Paycheck Protection Program Leaves NC’s Small Business Employees Without Health Care 

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new report by Piedmont Rising reveals that North Carolina’s small and minority-owned businesses may not have received loans under the Paycheck Protection Program (PPP) at the same rate as large businesses.

The report highlights that while PPP funding was intended to keep small businesses afloat amid the COVID-19 pandemic, the program has failed to assist the vast majority of small businesses, including in North Carolina, with a large share of minority-owned businesses left behind. Meanwhile, communities of color are already feeling an overwhelmingly disproportionate impact of the coronavirus pandemic due to inequities in health care access.

Piedmont Rising Executive Director Casey Wilkinson released the following statement in response to these findings:

“For North Carolina’s small businesses, every day without access to this PPP funding means more lost jobs on Main Street. North Carolina is facing a health and economic crisis that is not of their making. These small businesses did their due diligence and were ready to respond, but lawmakers like Senator Thom Tillis and Richard Burr failed them.

“Many of these small business owners and their employees are losing their health insurance and access to care during a global pandemic. As we know, the coronavirus pandemic is impacting communities of color at a disproportionate rate. Minority-owned small businesses and the families that rely on them are no exception to this trend within the outcomes of the pandemic, which makes it that much more vital to ensure they get the help they need.

“We urge Senators Tillis and Burr to support new legislation in Congress that would help to solve this problem so  that every small business owner and their employees gets equal access to critical federal assistance.”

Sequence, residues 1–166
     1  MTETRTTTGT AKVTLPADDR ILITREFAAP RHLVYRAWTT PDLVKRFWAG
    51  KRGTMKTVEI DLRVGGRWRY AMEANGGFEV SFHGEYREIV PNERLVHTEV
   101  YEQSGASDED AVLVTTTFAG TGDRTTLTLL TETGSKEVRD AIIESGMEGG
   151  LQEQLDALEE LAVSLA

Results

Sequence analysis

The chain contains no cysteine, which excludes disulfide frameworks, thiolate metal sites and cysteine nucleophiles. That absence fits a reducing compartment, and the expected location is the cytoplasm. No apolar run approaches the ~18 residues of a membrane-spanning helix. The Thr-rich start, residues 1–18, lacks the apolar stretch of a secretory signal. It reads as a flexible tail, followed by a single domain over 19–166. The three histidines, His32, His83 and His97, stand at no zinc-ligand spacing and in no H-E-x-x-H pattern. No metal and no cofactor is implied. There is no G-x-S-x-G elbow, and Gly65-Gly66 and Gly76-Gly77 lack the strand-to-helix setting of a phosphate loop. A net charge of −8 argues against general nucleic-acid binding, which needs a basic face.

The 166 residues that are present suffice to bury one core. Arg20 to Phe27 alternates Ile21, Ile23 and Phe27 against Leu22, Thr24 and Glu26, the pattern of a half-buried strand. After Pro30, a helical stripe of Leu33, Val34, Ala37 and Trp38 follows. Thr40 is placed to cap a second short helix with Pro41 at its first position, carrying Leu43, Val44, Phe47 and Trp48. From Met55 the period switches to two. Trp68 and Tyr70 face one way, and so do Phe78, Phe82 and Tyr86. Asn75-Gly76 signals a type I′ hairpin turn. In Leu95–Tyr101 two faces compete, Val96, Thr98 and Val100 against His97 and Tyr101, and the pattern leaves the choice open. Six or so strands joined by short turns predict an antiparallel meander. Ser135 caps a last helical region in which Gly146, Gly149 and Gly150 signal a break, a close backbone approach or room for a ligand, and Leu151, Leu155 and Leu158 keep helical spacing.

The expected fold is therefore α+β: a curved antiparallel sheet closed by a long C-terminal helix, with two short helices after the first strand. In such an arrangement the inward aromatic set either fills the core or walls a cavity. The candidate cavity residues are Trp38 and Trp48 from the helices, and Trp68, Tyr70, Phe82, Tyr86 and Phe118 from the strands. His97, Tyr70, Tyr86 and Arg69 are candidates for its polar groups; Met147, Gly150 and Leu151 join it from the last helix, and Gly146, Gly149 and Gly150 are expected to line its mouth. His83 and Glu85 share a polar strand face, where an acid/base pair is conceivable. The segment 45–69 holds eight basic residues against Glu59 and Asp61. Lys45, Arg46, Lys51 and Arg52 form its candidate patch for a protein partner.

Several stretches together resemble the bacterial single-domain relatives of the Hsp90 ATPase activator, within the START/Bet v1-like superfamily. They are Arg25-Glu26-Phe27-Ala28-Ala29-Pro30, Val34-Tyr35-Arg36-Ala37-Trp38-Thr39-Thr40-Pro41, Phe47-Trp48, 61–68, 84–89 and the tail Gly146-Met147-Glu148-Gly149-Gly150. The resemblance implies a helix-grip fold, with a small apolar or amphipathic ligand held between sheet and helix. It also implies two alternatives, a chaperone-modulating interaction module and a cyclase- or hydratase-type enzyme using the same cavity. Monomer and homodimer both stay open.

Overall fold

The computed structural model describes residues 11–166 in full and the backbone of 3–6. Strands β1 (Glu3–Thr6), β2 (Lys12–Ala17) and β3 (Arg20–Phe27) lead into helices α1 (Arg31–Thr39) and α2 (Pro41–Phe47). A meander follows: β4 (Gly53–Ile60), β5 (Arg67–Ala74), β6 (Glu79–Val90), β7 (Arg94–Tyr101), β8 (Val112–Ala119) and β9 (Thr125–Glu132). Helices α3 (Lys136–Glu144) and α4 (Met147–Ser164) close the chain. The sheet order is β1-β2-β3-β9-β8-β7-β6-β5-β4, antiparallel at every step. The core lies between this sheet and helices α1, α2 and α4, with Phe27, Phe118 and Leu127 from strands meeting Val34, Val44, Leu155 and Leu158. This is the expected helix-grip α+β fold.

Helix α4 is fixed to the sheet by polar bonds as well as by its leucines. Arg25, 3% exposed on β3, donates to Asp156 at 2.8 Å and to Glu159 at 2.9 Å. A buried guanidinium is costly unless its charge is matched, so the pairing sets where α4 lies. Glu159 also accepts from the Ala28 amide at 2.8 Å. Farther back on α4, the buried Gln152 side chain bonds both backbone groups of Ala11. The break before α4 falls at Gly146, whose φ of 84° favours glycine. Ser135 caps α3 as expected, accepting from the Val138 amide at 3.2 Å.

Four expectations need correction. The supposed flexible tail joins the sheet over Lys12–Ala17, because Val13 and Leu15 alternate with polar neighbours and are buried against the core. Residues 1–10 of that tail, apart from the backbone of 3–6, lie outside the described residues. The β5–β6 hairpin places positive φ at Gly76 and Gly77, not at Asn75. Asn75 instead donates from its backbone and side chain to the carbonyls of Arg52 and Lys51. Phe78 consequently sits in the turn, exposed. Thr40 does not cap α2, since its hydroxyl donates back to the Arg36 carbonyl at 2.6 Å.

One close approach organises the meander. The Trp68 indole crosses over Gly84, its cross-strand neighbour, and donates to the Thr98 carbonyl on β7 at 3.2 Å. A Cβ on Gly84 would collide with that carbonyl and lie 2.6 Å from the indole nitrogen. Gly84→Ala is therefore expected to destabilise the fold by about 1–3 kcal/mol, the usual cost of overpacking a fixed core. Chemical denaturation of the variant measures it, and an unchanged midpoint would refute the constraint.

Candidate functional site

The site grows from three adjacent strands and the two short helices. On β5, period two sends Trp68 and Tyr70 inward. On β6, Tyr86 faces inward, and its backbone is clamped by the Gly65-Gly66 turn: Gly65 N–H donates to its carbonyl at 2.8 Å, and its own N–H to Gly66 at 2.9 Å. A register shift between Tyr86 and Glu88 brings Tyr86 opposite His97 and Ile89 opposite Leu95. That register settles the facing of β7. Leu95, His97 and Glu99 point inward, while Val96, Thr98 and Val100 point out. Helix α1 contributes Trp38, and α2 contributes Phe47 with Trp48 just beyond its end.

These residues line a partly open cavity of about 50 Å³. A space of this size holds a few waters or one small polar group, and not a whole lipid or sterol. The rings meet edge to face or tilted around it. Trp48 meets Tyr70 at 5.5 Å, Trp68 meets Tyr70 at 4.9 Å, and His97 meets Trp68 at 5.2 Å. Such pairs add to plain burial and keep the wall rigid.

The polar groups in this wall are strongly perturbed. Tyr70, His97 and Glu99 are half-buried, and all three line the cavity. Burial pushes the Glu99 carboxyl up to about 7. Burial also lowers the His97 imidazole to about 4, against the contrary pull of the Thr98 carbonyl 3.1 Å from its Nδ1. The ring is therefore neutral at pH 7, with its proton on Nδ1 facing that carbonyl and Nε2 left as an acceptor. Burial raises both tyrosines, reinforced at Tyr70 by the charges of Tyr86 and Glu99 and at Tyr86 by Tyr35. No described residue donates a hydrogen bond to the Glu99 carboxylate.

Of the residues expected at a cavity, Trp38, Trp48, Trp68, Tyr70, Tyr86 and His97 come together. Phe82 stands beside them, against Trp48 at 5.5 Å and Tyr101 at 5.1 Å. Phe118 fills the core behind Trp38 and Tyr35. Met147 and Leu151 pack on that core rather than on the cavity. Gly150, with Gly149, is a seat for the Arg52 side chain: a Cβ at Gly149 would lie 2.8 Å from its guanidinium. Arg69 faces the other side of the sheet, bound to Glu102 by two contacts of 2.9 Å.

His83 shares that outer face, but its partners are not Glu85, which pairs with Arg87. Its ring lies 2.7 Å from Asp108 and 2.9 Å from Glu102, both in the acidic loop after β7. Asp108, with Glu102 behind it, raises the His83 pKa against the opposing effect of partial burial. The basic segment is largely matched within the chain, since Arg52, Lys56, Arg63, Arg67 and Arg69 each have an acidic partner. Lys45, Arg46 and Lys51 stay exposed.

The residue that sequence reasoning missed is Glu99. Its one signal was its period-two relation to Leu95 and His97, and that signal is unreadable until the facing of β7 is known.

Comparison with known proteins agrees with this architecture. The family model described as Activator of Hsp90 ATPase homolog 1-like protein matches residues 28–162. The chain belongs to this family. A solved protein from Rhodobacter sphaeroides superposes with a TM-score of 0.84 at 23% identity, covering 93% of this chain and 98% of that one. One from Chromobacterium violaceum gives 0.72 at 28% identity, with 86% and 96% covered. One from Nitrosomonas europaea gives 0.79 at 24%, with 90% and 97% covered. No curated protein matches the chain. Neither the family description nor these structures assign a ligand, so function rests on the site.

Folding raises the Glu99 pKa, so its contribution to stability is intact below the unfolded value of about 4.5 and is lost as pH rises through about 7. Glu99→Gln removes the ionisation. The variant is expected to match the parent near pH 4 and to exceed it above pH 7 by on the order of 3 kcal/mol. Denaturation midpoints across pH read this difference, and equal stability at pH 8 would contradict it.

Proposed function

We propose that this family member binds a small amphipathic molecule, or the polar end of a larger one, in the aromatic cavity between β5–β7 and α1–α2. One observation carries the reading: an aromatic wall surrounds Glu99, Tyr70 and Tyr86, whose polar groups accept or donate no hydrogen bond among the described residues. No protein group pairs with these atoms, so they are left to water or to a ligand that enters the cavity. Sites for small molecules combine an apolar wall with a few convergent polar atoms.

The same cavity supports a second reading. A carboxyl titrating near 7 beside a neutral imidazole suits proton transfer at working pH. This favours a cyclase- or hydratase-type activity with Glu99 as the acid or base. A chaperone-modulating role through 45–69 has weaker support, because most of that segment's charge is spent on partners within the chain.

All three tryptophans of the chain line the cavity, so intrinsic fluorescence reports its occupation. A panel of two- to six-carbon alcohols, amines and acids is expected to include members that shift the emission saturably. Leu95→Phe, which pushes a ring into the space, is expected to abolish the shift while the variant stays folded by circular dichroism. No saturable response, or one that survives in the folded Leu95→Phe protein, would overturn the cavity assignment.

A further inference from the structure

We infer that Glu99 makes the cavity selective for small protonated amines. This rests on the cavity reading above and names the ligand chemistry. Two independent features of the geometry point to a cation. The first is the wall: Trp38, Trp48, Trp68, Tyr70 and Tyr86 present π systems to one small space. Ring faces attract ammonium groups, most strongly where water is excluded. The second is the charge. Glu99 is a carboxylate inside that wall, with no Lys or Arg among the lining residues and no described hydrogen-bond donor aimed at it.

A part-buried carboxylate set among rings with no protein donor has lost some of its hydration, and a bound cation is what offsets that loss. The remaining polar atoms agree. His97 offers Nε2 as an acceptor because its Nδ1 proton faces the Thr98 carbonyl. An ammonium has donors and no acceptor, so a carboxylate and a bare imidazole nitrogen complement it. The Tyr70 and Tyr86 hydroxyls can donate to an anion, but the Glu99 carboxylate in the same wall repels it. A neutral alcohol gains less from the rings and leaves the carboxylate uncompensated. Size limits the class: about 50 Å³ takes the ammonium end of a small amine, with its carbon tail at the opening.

Key Findings:

  • There are 890,000 small businesses in North Carolina with fewer than 500 employees. Meanwhile, North Carolina has received just 66,677 loans from the Paycheck Protection Program.
  • During the first round of PPP funding, 80 percent of small businesses that applied for relief money received none, with North Carolina receiving only 2.5 percent of the nearly $189 billion lent through the Paycheck Protection Program.
  • And, while businesses of color account for 30 percent of all U.S. businesses, roughly 95% of Black-owned businesses, 91% of Latino-owned businesses, 91% of Native Hawaiian or Pacific Islander-owned businesses, and 75% of Asian-owned businesses failed to secure loans from the Paycheck Protection Program.
  • Due to existing inequities in health care in North Carolina, Black and Hispanic communities are experiencing a disproportionate number of coronavirus confirmed cases and, as a result, serious complications from the coronavirus pandemic.
  • Banks that offered PPP loans, including Bank of America, JPMorgan Chase and Wells Fargo, prioritized larger loan applications and charged higher fees in order to maximize loan-origination fees and their own profits.

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